The INTERNATIONAL POPs ELIMINATION NETWORK (IPEN) advocated a comprehensive and sustained programme of action to eliminate these POPs rather than a risk management framework convention. He also stressed identification of cost-effective alternatives to POPs, including non-chemical alternatives, and shared responsibility for aid and capacity enhancement.
The PHILIPPINES said a draft convention should incorporate measures for capacity building and technological assistance. CANADA supported strong international action focused on land, marine and air- based POPs pollution with special consideration given to developing countries and countries with economies in transition. He suggested the INC consider criteria for identifying other POPs for regulation based on sound science and that the 2000 deadline is an important and achievable goal. MEXICO emphasized that the INC focus on the 12 initial POPs and then look at scientific criteria to consider other POPs. Since developed countries will likely play a larger role in the development of criteria for additional POPs, he stressed that consideration be given to the capacities of all countries. He also called for a search for cost-effective alternatives in partnership with industries and NGOs.
PERU highlighted the need for international cooperation and assistance in order to develop alternatives. SOUTH AFRICA stated its commitment to the sound management of POPs, but suggested that the LRTAP POPs protocol was not a basis for an international convention as it does not recognize the special situation of developing countries. He stressed socioeconomic factors such as possible impacts on food production and human health and limiting the negotiations to the 12 POPs.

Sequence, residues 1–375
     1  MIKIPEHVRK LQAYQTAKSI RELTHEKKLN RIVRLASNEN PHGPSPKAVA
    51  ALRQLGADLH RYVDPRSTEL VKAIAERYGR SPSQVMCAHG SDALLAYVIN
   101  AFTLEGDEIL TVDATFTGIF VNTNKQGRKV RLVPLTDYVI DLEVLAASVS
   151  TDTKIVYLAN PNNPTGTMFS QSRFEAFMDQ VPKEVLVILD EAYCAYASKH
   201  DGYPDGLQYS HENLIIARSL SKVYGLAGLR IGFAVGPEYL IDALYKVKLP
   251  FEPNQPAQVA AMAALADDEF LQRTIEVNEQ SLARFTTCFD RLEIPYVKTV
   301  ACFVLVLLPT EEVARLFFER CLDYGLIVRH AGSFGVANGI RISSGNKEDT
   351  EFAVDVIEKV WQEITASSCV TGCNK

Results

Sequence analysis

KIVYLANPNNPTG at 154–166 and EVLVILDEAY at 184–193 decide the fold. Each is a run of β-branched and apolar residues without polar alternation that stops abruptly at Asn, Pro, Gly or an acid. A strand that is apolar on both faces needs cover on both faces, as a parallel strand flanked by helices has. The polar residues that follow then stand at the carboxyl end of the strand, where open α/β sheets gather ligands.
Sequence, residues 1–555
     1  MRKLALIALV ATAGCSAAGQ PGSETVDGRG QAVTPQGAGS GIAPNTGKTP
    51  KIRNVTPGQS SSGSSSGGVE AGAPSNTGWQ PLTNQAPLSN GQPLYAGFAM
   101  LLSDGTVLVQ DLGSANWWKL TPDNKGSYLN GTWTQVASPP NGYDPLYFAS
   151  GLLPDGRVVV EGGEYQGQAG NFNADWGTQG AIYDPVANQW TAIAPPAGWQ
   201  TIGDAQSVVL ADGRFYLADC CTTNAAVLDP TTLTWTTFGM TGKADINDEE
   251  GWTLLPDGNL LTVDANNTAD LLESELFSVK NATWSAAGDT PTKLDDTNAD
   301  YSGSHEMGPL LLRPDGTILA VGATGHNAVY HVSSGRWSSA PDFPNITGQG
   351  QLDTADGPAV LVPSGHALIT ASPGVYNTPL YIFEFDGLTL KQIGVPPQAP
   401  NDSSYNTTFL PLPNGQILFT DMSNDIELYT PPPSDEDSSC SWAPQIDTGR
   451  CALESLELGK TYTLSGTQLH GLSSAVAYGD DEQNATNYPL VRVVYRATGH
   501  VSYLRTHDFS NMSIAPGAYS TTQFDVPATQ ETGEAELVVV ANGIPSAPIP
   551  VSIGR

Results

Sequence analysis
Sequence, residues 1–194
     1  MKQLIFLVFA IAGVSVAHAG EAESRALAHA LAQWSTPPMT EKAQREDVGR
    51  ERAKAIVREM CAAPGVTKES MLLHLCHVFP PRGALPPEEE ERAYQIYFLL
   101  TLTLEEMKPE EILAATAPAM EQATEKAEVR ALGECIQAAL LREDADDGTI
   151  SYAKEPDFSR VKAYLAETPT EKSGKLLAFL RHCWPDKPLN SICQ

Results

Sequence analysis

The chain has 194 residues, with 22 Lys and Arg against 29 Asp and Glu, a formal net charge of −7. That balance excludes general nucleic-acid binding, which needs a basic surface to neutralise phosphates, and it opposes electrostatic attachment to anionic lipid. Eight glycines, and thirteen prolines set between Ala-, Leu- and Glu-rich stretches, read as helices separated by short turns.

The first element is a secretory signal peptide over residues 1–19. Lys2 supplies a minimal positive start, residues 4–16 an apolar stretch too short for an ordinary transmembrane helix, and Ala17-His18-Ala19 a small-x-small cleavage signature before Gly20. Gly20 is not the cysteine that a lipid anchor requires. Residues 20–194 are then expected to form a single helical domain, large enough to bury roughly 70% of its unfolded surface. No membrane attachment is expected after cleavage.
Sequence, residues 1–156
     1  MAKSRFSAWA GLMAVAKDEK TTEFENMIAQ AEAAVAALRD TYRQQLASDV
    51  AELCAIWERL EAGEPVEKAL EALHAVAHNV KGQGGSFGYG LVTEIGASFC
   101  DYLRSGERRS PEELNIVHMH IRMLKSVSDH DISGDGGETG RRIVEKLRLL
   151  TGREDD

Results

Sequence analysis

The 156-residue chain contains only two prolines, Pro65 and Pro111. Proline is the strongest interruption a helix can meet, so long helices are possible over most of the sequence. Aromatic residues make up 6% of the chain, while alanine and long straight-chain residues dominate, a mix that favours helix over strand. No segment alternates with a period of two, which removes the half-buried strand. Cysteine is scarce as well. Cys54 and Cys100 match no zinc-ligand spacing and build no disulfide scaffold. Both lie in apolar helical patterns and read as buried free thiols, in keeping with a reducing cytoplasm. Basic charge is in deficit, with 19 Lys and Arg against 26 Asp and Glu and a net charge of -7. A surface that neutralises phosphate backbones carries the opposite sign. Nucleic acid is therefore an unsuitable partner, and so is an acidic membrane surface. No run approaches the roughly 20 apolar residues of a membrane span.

The UNITED NATIONS ECONOMIC COMMISSION FOR EUROPE (UNECE) said the LRTAP POPs protocol would be valuable for the ECE region as well as other regions. He also highlighted the work of the World Health Organization on monitoring transboundary fluxes of POPs.
The INUIT CIRCUMPOLAR CONFERENCE (ICC) said they perceive POPs as more of a public health than an environmental issue. She highlighted the value they place on their land and the food that is gathered on this land. She stressed the bioaccumulation of POPs in the arctic food chain, including in whales, seals and polar bears, and their subsequent passage from one generation to the next. She stressed the need for a comprehensive, rigorous and verifiable treaty on POPs.
IN THE CORRIDORS
Environmental NGOs exhibited undisguised zeal over the beginning of the negotiations as they relished its potential to advance the chemicals agenda in a progressive way. According to at least one NGO participant, this optimism was based on the fact that many governments seemed to be serious about taking strong international action.
THINGS TO LOOK FOR TODAY
The Plenary will convene at 10:00 am to continue with country statements. Delegates may also discuss the establishment of an expert group on scientific criteria for POPs.
Also at 10:00 am, the World Wildlife Fund will release a report concerning global DDT use at the Versailles Room in the Radisson Hotel.